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America’s lost boys

A generation of disconnected young men who make an idol out of violence


A sign near the scene of the shooting in Highland Park, Ill. Associated Press/Photo by Nam Y. Huh

America’s lost boys
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Paul Crimo says he never saw it coming. The 21-year-old killer who opened fire on a Fourth of July parade in Highland Park, Ill., was his nephew Robert Crimo III. Paul told the New York Post that he will be “heartbroken” for the rest of his life. The alleged shooter lived in the same apartment as his father, Robert Jr., and Paul. According to the uncle’s account, Robert III was a quiet kid who kept to himself and spent all his time on “the computer.” On the day of the massacre, Paul came home from work and said “Hi” to young Robert. They didn’t speak to each other again until Paul came down to see Robert leaving. “I said ‘Bye,’ he said ‘Bye,’ and that was it.”

Meanwhile, the alleged gunman’s father has insisted he doesn’t regret filling out the consent form that allowed his son to buy his own guns, including the gun that would take eight innocent lives. He dismissed a previous incident where Robert III threatened to kill his own family as a “childish outburst.” (Police officers confiscated Robert III’s knife collection at the time, but they later returned the weapons.) From his perspective, the boy was alright.

Clearly, the boys are not alright.

Highland Park. Uvalde. Stoneman Douglas. Poway. Emanuel. By now, the American mass shooting news cycle is so sickeningly familiar that we are in danger of becoming desensitized to it all. There will be the op-eds pushing aggressive gun reform. There will be the systematic scouring of the killer’s digital paper trails for signs of ideological extremism. There will be fingers pointed, blame placed, and guilt by political association, assigned with shallow abandon.

But the most painful, penetrating questions of all will continue to go deliberately unasked. Questions about broken institutions. About broken families. About a generation lost in the blue glow of a digital screen, exchanging no more than a passing “Hi” and “Bye” with the adults who paid for it.

As a teacher who has worked with young teenagers, I have seen this generational disconnect firsthand—a disconnect that persists whether the children are Christian or non-Christian. In these formative years, they are high in openness, easily distracted, and living much of their lives in a virtual world their parents don’t understand. They open TikTok accounts and share dumb shorts with their friends. They are addicted to repetitive games. They trawl meme sites for nuggets of gallows humor. Sometimes, after an especially grisly joke comes off well, I’ll be asked, “Is that too dark?”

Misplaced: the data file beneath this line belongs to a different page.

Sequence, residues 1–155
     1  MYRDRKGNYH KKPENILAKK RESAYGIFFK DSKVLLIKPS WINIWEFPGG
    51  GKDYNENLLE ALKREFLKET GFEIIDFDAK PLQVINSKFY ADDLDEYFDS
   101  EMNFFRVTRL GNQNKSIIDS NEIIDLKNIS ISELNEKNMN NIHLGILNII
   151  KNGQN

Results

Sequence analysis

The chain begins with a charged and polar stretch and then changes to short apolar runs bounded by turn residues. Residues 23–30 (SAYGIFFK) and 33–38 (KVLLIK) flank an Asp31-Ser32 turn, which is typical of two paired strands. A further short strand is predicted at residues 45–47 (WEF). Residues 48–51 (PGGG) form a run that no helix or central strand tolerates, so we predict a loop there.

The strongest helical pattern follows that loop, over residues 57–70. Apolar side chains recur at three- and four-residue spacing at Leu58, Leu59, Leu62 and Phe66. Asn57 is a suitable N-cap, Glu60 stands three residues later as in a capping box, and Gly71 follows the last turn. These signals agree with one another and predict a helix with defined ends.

In my observation, children with intact families, structured schedules, and caring friends tend to mature into a healthy balance. But a child without one or more of these supports is at risk of remaining in a permanent state of arrested development.

I always answer this question calmly, without making the child feel shamed or lectured. Mass shooters tend to manifest warning signs long before they commit their crimes. Young Robert Crimo III appears to have been no exception.

In my observation, children with intact families, structured schedules, and caring friends tend to mature into a healthy balance. But a child without one or more of these supports is at risk of remaining in a permanent state of arrested development. He is inclined to be bitter, aimless, and lonely. And even before he stumbles down a rabbit hole of porn or violence, his pliable brain has been desensitized, primed to seek an endlessly refreshed dopamine hit.

This has taken a devastating toll on both young men and young women. Sometimes, young women will hurt or kill themselves. Some young men will do this, too. But others will direct their pain outward. Lacking a stable father figure or a healthy channel for their natural masculine aggression, they will make an idol out of violence and worship men who deal it out.

And when this ends, as it has ended over and over, in a peaceful street or school or church littered with bodies, how easy it is to blame the gun. For a gun has no soul. It has no eyes to stare into yours, asking where you were, asking how you didn’t see.

Little wonder that on that fateful day when children are orphaned, wives are widowed, and mothers are pierced through the heart, our opinion-makers will look anywhere, everywhere but the place where they will find the truth. Little wonder that they refuse to see a truth for which they have forgotten to ask—the truth in which they might, for a moment, see themselves. Their own failures. Their own broken marriages. Their own lost boys.


Bethel McGrew

Bethel McGrew is a math Ph.D. and widely published freelance writer. Her work has appeared in First Things, National Review, The Spectator, and many other national and international outlets. Her Substack, Further Up, is one of the top paid newsletters in “Faith & Spirituality” on the platform. She has also contributed to two essay anthologies on Jordan Peterson. When not writing social criticism, she enjoys writing about literature, film, music, and history.

@BMcGrewvy


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